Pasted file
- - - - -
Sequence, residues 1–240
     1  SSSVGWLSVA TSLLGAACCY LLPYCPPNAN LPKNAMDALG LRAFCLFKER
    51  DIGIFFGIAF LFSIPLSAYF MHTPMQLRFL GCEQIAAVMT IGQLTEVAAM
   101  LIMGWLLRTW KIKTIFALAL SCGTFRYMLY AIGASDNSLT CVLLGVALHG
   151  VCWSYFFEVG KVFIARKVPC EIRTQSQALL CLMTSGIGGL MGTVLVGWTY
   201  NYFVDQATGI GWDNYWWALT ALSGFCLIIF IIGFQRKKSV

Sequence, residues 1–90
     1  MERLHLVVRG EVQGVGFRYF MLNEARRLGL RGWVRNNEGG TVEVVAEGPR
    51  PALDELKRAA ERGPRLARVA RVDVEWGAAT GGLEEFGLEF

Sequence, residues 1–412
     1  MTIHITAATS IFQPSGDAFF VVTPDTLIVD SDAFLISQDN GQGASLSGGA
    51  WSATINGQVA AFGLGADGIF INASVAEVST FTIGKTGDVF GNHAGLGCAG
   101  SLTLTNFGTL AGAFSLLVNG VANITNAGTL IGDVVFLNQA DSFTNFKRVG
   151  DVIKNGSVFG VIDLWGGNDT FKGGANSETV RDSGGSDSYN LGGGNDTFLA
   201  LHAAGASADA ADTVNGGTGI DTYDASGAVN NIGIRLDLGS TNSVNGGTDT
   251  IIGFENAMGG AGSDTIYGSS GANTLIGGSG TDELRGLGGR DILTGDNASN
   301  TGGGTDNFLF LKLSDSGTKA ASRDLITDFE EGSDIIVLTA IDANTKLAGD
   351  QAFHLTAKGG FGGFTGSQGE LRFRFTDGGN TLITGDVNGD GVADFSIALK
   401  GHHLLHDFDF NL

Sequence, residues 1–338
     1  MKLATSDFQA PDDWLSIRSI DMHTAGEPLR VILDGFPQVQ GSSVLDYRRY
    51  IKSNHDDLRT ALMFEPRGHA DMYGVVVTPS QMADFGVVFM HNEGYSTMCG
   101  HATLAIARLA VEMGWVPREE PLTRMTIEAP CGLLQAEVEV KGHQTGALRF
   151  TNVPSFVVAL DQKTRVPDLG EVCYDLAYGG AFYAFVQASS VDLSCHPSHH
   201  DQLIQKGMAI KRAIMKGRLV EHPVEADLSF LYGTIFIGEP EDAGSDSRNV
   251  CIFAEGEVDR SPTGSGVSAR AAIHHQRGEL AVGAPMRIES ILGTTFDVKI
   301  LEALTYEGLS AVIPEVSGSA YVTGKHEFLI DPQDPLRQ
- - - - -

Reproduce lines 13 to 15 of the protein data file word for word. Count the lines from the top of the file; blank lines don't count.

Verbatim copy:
   101  SLTLTNFGTL AGAFSLLVNG VANITNAGTL IGDVVFLNQA DSFTNFKRVG
   151  DVIKNGSVFG VIDLWGGNDT FKGGANSETV RDSGGSDSYN LGGGNDTFLA
   201  LHAAGASADA ADTVNGGTGI DTYDASGAVN NIGIRLDLGS TNSVNGGTDT